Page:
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CONTACT: Center for Justice & Accountability
In New York: Riptide Communications, Inc.
Former Peruvian President Alberto Fujimori Convicted of Human Rights Violations
San Francisco Human Rights Organization Call Verdict Victory for Rule of Law Over Rule of Men
WASHINGTON - April 7 - The Center for Justice and Accountability (CJA), a San Francisco-based human rights organization, praised today's guilty verdict against former Peruvian president, Alberto Fujimori, as a victory in the struggle to bring human rights abusers to justice. Fujimori was sentenced to 25 years. The historic verdict marks the first time that an elected head of state has been convicted of human rights violations by a national court in his own country.
In a 711-page decision, the three- judge panel found Fujimori guilty for his role supervising the murder, kidnapping, and torture of civilians by a death squad waging a counterinsurgency campaign in the early 1990s.
CJA Executive Director Pamela Merchant said, "The Supreme Court of Peru's conviction of former President Alberto Fujimori is an extraordinary example of the rule of law prevailing over the rule of men. Peru, a young and fragile democracy recovering from years of violence, sets an important example for all nations: a real democracy is only possible where no one is above the law and the victims can achieve justice. We applaud today's ruling and the hope it brings to thousands of victims and their representatives working to seek justice."
CJA worked closely with Peruvian NGOs representing the victims, including APRODEH, the Pro-Human Rights Association. On August 2008, CJA's international attorney, Almudena Bernabeu, traveled to Lima to prepare two expert witnesses who testified for the prosecution. Jose Antonio Martin Pallin, an emeritus justice of the Spanish Supreme court, testified on state terrorism and state crimes, and Kate Doyle, from the National Security Archives, testified on declassified U.S. documents that provided information on human rights abuses carried out under the Fujimori government. In addition, CJA has briefed numerous legal issues for the prosecution including procedural rules on the admissibility of declassified documents in Spanish and U.S. law.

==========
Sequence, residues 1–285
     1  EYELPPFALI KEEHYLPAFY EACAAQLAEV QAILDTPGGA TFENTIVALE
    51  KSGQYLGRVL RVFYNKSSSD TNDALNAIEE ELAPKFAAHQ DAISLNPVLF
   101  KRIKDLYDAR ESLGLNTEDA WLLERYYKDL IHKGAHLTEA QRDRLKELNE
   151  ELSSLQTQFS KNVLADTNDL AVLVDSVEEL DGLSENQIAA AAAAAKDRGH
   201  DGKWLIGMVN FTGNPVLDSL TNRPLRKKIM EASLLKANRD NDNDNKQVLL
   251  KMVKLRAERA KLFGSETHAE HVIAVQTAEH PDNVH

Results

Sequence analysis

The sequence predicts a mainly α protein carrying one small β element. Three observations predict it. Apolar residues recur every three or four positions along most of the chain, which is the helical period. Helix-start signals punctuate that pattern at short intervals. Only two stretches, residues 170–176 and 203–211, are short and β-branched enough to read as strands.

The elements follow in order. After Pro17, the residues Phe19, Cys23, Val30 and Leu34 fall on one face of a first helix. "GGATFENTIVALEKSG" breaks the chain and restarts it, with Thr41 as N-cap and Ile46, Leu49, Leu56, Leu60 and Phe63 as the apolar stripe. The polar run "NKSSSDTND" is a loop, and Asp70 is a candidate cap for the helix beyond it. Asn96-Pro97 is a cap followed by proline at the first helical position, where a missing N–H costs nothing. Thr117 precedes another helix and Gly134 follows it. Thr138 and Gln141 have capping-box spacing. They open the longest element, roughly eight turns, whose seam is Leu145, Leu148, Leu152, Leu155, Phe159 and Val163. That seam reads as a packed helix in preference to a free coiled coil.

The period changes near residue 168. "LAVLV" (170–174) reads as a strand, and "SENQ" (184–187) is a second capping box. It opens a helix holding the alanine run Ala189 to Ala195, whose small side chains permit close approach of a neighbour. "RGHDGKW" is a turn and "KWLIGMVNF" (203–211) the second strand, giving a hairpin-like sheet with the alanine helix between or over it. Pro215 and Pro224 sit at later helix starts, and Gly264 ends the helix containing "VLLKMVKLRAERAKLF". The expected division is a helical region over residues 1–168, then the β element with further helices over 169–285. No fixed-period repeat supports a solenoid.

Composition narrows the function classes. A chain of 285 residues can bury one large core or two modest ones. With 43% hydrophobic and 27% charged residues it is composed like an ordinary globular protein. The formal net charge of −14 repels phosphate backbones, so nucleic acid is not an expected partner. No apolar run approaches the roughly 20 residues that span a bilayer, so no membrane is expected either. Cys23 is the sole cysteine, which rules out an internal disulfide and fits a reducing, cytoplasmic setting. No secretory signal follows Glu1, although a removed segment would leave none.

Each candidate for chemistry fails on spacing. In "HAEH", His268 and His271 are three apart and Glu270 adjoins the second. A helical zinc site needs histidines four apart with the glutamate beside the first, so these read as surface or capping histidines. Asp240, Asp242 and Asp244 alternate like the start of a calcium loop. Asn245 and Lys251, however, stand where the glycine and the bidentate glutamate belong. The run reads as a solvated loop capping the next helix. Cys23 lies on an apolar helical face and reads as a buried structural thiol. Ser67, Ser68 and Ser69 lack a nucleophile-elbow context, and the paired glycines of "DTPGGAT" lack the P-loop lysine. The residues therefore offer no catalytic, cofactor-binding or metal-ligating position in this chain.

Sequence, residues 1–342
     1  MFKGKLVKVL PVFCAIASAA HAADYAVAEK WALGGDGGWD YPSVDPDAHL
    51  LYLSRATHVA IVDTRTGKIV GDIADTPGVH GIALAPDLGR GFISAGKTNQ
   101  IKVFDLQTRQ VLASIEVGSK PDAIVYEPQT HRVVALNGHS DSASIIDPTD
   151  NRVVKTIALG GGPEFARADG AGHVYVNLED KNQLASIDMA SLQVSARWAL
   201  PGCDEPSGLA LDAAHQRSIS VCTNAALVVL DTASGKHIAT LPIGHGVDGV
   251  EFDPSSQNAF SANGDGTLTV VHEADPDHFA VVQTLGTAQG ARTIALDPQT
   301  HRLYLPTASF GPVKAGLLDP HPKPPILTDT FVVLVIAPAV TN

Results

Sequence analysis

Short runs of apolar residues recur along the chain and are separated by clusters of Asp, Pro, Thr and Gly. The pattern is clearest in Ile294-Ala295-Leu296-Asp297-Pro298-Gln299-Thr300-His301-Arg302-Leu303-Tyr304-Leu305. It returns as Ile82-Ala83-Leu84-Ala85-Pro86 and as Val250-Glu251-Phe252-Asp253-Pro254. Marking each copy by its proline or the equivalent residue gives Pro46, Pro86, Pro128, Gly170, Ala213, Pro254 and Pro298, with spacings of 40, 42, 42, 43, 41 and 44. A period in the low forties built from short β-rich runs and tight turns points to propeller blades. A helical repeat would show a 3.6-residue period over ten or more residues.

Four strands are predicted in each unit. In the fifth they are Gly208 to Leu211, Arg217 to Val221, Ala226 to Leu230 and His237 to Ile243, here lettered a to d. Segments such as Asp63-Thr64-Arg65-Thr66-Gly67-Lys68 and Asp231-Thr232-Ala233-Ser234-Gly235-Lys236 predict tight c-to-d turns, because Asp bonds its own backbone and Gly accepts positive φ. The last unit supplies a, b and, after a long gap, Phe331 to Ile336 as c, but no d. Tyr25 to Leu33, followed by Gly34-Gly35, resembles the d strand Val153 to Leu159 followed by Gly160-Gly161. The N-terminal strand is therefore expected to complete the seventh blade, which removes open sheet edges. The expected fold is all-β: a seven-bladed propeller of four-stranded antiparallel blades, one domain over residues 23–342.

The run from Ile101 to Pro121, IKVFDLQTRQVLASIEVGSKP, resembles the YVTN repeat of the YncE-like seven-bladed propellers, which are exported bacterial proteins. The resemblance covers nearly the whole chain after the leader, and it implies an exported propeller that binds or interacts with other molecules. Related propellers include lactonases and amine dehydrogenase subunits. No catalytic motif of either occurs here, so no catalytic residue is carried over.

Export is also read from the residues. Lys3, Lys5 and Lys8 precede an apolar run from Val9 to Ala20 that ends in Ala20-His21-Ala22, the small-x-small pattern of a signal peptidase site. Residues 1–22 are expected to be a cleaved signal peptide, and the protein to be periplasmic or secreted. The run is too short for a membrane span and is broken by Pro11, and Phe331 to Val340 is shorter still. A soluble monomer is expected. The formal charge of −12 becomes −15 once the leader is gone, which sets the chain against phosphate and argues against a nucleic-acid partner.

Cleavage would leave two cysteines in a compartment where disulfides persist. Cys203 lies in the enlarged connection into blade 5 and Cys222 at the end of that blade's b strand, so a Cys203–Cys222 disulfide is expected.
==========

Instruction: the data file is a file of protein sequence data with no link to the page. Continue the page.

CJA's partnership with the team grew out of its work holding Peruvian human rights abusers who had retired to the U.S. responsible for their roles in a major massacre. CJA has brought two civil lawsuits in the U.S. against former members of the Peruvian military who have sought safe haven here. Both were charged for their role in the Accomarca Massacre where 69 civilians were tortured and killed.
CJA is a San Francisco-based human rights organization dedicated to deterring torture and other severe human rights abuses around the world and advancing the rights of survivors to seek truth, justice and redress. CJA uses litigation to hold perpetrators individually accountable for human rights abuses, develop human rights law, and advance the rule of law in countries transitioning from periods of abuse.
More information on CJA's Peru cases can be viewed on the CJA website at www.cja.org.